21st-Century Students

For the first time, most—nearly 70 percent—of Case Western Reserve's first-year undergraduates were born in 2000 or later.

To mark the milestone, we asked faculty members to consider this question:

What do you think will be the biggest change in the next 20 years in …?

It's difficult to predict years out, particularly when the pace of change is so rapid. Even harder: doing it in a sentence or two.

Cancer Treatment

"As the amount of data generated about cancer patients continues to grow, we should be able to customize treatments for every patient. The potential result: more people becoming cancer-free or surviving longer."
—Jill Barnholtz-Sloan, PhD, the Sally S. Morley Designated Professor in Brain Tumor Research and associate director of bioinformatics/translational informatics

Race Relations

"The nation will be on the verge of becoming a place in which there is no racial or ethnic majority. Hopefully, we will find more just ways to share power and develop more inclusive communities."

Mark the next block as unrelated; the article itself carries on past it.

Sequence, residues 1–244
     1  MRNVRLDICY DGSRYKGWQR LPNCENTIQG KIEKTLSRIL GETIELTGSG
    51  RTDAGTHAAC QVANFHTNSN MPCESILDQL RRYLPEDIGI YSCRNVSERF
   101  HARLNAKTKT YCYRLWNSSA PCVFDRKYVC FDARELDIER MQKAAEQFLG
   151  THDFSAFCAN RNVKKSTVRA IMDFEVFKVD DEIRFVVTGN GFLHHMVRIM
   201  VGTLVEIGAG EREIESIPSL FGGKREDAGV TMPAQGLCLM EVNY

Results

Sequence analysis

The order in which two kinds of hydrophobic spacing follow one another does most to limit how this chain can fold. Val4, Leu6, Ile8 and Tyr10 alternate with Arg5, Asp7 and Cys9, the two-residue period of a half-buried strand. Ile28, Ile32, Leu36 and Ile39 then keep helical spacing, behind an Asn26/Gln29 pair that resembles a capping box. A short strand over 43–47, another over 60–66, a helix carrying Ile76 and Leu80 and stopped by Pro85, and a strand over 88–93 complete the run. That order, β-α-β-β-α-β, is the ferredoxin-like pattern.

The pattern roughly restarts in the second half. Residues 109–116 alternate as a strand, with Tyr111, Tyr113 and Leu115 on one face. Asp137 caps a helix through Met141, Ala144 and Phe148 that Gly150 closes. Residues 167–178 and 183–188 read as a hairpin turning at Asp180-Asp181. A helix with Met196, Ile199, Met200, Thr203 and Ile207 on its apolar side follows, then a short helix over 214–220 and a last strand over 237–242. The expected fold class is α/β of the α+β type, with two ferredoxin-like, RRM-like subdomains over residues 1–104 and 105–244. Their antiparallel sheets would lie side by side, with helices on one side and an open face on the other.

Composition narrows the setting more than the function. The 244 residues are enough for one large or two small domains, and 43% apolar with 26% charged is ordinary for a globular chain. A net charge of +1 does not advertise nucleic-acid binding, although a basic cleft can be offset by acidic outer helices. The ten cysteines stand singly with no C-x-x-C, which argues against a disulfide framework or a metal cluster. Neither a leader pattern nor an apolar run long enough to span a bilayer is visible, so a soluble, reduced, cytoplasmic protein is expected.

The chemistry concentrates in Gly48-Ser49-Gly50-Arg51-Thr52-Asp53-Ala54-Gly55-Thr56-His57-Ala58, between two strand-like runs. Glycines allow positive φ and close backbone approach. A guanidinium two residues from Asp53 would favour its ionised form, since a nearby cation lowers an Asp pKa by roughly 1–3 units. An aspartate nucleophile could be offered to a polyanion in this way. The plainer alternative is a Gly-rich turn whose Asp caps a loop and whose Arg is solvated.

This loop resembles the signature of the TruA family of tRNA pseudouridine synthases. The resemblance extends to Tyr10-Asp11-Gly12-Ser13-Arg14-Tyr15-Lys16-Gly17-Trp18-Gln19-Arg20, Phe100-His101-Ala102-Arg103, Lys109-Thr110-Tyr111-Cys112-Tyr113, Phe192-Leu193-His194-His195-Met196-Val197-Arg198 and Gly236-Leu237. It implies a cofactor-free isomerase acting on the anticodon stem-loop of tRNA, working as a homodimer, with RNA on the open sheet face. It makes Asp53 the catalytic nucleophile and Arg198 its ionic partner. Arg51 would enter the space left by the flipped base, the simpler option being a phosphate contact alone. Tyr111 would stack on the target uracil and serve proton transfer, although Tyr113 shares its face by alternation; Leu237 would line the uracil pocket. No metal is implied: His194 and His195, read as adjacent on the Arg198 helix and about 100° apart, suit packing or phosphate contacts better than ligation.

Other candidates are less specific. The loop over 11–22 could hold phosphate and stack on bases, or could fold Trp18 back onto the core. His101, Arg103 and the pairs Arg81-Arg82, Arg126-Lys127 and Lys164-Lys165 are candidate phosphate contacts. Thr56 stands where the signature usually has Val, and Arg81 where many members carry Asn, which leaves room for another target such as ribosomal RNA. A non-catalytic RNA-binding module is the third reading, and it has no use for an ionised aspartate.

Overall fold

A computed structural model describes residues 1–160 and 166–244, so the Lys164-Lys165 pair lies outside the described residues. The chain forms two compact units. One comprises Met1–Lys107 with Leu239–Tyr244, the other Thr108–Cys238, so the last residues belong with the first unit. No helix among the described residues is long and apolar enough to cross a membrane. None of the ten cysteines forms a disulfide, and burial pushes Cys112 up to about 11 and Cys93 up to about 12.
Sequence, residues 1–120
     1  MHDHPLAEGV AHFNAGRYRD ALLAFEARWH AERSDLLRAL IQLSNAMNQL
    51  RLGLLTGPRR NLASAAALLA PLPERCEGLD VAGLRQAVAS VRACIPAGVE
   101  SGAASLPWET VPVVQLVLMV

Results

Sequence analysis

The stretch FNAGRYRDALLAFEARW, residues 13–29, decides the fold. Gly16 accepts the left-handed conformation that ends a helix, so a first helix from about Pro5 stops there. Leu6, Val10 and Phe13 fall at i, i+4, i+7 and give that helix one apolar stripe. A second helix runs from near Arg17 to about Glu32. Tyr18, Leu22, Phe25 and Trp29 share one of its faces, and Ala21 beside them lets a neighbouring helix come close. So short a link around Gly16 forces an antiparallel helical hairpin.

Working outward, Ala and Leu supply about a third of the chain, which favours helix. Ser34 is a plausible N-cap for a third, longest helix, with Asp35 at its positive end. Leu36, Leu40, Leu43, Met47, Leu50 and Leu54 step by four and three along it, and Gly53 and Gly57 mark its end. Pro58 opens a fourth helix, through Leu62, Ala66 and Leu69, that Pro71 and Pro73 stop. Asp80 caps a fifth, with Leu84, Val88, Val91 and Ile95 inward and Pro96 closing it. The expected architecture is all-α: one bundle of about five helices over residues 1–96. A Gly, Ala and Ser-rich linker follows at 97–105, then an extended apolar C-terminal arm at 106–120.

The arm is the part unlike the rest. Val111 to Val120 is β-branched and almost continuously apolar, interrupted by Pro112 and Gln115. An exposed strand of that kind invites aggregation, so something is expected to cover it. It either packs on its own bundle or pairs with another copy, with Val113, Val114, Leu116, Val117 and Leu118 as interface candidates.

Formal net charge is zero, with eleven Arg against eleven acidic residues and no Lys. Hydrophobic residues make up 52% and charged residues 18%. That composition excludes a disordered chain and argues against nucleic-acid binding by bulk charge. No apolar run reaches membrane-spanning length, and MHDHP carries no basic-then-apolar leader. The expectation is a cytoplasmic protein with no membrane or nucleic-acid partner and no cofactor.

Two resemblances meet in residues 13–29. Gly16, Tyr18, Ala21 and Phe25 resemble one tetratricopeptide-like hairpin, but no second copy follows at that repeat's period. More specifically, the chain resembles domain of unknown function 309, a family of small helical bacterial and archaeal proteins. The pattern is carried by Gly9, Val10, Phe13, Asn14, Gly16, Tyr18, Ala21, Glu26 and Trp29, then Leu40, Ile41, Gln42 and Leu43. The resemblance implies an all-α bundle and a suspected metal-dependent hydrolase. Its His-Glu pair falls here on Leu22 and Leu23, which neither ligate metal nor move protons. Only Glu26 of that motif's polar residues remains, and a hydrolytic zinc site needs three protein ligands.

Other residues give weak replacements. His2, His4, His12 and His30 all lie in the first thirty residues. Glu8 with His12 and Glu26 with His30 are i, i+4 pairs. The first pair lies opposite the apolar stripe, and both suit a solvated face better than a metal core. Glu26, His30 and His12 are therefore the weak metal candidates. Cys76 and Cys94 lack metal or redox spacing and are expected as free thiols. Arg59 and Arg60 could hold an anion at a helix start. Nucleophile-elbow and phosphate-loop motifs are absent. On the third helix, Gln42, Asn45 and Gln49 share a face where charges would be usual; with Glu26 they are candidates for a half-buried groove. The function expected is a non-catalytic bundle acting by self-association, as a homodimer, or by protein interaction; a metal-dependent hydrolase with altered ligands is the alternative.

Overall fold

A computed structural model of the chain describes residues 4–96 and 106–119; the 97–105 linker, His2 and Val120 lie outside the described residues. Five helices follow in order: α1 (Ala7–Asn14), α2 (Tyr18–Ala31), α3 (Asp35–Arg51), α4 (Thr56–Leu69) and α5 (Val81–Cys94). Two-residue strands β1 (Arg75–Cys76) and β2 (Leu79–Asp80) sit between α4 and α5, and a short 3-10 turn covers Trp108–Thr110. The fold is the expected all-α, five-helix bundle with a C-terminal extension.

—Joy R. Bostic, PhD, associate professor of religion and founding director of the university's African and African American Studies Program

Artificial Intelligence (AI)

"New discoveries from neurosciences will lead to future computing systems with more creature-like learning capabilities. That will make it possible to train robots to perform tasks, such as industrial assembly, laundry or cooking, the way we train humans: through demonstrations and practice."
—Wyatt Newman, PhD, professor of electrical engineering and computer science

Space Exploration

"The explosion in knowledge about planets, especially Earth-sized ones, around other stars and what they are made of is going to lead to new understanding of our own solar system."
—Steven A. Hauck II, PhD, professor of planetary geodynamics


"The biggest challenge will be for audiences. As distinctions between home and theater exhibition continue to melt away, it increasingly will fall to individuals to practice undistracted viewing. Otherwise, the film experience will be not so much transformed as lost."
—Robert Spadoni, PhD, Armington Professor, film studies


"Global alliances will realign as climate change creates new opportunities for some countries—with shipping routes and natural resources opening in the Arctic—and limits choices for others, where weather extremes and poor national economic strategies will make previous policies unsustainable."
—Kathryn Lavelle, PhD, the Ellen and Dixon Long Professor of World Affairs